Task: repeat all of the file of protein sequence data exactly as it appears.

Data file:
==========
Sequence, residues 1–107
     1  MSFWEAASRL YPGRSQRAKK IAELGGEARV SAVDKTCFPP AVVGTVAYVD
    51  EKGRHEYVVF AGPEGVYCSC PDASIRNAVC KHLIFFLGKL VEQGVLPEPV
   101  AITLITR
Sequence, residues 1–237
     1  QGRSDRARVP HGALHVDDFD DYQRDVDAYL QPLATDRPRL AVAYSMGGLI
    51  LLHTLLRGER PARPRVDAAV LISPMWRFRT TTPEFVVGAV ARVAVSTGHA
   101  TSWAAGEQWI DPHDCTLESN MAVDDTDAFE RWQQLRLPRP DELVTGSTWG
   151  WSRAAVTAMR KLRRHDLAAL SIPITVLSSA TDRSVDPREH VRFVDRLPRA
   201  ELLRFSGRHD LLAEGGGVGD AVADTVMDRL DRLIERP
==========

Sequence, residues 1–107
     1  MSFWEAASRL YPGRSQRAKK IAELGGEARV SAVDKTCFPP AVVGTVAYVD
    51  EKGRHEYVVF AGPEGVYCSC PDASIRNAVC KHLIFFLGKL VEQGVLPEPV
   101  AITLITR
Sequence, residues 1–237
     1  QGRSDRARVP HGALHVDDFD DYQRDVDAYL QPLATDRPRL AVAYSMGGLI
    51  LLHTLLRGER PARPRVDAAV LISPMWRFRT TTPEFVVGAV ARVAVSTGHA
   101  TSWAAGEQWI DPHDCTLESN MAVDDTDAFE RWQQLRLPRP DELVTGSTWG
   151  WSRAAVTAMR KLRRHDLAAL SIPITVLSSA TDRSVDPREH VRFVDRLPRA
   201  ELLRFSGRHD LLAEGGGVGD AVADTVMDRL DRLIERP